Author Helen Pollard opens up in an exclusive piece for Female First
Author Helen Pollard opens up in an exclusive piece for Female First

To celebrate the release of her new book, Christmas at Fox Farm, we asked author Helen Pollard to open up for her readers to reveal some things all about her, that she'd like them to know. Here's what she had to reveal...

1. I love Christmas. Mulled wine, Christmas trees, Bing Crosby and Frank Sinatra, fairy lights, classic movies, a pretty snowfall… What’s not to like? Most of my books so far have been set in the summer, so I decided it was about time for a festive story!

2. I love Yorkshire. I was brought up in the suburbs of Leeds, but my mother loved the Yorkshire Dales and as a family, we often went out for drives through the countryside and Sunday lunch. My mother’s enthusiasm rubbed off on me. Although the Dales are wonderful at any time of year, I prefer them in the winter, with the bare branches of the trees silhouetted against the sky, the sheep huddled against the drystone walls… A frosting of snow makes the scene just perfect. Once I’d decided my new novel should be about a country Christmas, there was no doubt where to choose for its setting.

3. My settings are always fictional, but I have to be able to picture them clearly. I always create a fictional setting for my stories, within the wider scope of a real area. For Christmas at Fox Farm, the café and gallery complex and the owner’s cottage, along with the nearby village of Winterbridge, are entirely made up, but the nearby villages, towns and countryside are all very real. I have to be able to picture my setting, to really be there, in order to see the story unfolding. Creating a setting from scratch takes away all restraints – I can make it exactly how I want it, to suit the plot and the characters.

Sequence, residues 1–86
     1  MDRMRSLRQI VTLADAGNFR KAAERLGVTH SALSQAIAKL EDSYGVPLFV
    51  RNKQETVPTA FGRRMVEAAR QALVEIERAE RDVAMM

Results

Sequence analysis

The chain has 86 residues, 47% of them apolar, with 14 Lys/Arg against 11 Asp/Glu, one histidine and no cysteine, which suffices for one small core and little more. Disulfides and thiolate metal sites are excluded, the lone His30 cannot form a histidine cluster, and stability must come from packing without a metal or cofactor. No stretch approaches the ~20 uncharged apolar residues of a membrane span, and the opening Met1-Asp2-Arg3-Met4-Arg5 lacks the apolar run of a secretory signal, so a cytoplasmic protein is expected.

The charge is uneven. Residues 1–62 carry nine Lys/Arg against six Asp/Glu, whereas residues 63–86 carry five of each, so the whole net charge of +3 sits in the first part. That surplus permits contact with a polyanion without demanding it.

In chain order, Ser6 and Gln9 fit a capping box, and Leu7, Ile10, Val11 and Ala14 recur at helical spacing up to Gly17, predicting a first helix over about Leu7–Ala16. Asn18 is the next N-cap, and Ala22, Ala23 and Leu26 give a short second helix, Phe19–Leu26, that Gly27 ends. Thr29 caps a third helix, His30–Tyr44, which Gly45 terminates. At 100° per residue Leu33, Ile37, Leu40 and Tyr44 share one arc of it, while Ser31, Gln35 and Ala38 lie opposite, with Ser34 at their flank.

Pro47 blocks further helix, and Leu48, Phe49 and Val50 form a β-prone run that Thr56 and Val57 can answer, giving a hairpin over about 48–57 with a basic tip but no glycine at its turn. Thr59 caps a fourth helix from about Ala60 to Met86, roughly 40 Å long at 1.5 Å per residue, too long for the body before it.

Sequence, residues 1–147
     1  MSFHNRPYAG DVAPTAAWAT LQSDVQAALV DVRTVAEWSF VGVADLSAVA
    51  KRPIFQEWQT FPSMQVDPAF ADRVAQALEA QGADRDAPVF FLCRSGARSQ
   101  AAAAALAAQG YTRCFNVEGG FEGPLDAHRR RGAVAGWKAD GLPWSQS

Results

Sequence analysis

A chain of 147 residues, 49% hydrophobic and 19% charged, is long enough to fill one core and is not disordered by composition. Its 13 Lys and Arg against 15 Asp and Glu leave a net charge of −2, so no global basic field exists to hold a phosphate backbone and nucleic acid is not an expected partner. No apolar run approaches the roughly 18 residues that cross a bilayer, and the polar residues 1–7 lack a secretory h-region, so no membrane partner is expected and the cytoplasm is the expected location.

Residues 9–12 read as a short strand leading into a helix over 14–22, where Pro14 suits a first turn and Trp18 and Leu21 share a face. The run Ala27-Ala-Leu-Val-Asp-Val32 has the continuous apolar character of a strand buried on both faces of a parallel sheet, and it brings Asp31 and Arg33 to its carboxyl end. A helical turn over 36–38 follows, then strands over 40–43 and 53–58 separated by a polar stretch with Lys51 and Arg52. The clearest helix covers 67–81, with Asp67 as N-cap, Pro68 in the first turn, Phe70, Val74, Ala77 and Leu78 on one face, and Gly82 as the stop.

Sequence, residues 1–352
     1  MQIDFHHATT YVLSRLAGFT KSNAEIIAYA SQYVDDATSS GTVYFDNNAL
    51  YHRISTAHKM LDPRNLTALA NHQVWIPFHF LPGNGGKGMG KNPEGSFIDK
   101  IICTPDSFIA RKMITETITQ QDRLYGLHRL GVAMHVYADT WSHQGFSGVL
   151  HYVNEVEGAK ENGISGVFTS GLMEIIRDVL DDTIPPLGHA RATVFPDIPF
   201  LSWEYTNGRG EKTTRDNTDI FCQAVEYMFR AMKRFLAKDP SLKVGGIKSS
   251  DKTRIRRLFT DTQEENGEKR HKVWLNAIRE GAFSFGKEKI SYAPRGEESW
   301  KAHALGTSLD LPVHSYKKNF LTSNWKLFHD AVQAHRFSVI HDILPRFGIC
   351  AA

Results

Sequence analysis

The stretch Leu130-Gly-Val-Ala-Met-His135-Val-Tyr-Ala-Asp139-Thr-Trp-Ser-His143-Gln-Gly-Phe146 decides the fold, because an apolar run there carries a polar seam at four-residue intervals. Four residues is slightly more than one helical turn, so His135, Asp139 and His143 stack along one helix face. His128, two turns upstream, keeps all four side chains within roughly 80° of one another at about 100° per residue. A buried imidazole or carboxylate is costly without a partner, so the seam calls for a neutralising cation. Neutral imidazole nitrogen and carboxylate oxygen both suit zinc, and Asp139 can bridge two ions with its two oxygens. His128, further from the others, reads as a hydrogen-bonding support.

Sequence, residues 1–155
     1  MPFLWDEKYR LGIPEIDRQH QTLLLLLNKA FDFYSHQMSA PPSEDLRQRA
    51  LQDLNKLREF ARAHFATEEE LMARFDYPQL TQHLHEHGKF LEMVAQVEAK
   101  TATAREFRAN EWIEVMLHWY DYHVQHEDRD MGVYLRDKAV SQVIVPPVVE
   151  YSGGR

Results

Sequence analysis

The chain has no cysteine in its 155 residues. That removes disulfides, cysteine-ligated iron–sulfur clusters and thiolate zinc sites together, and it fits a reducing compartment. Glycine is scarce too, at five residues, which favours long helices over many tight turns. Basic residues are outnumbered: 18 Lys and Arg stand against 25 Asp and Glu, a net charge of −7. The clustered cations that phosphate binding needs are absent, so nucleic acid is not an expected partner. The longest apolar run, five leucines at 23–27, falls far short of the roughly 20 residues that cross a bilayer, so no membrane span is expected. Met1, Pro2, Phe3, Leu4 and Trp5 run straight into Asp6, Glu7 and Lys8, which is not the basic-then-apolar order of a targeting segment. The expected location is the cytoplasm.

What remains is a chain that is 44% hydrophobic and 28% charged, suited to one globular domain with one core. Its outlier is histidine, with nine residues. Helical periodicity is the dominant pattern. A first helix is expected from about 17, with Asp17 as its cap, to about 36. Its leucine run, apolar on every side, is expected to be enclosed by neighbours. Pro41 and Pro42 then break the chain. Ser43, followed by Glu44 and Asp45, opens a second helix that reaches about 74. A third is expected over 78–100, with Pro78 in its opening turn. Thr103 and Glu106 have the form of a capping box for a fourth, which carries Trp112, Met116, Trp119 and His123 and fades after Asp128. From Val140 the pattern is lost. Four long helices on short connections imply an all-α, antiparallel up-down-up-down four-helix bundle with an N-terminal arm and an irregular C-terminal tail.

4. My characters have to be real to me. Just like the setting, my characters must seem totally real to me. I need to believe in them, otherwise I know my readers I won’t, so I live with them constantly in my head – with their worries and trials and good times. And I really hate saying goodbye to them when their story is finished. It takes quite a while for my head to move onto new characters and a new story.

5. Poorly-written dialogue ruins a book for me. I do my utmost to make the dialogue in my books as realistic as possible. If the dialogue doesn’t sound natural, the characters won’t come across as real people. As a reader, badly-written dialogue is guaranteed to jar me out of the story, even if I’m enjoying the plot.

6. I love to put humour in my books. The amount of humour I inject into my books depends on the story, but there always has to be some. My characters have their trials and tribulations, but they also enjoy fun and laughter. The reader needs that light relief. I love thinking up banter between my characters and daft situations to put them in.

7. Home is where your heart is. It’s not always about family, but everyone needs to feel they belong somewhere. All my books so far are about my characters finding their way and finally working out where they belong. In Christmas at Fox Farm, artist Daisy has never had a permanent home. She spent her childhood with several foster families and her adult life moving from one temporary arrangement to the other. Even Fox Farm is supposed to be temporary, but she soon realises that it feels more like home than anywhere she has ever been after its kindly owner Jean takes her under her wing. When Jean becomes ill and Daisy’s situation is threatened, she must do everything she can to help Jean’s nephew Alex to keep it going, in the small hope that she can stay in the one place where she feels she finally belongs.

Christmas at Fox Farm by Helen Pollard is out now.

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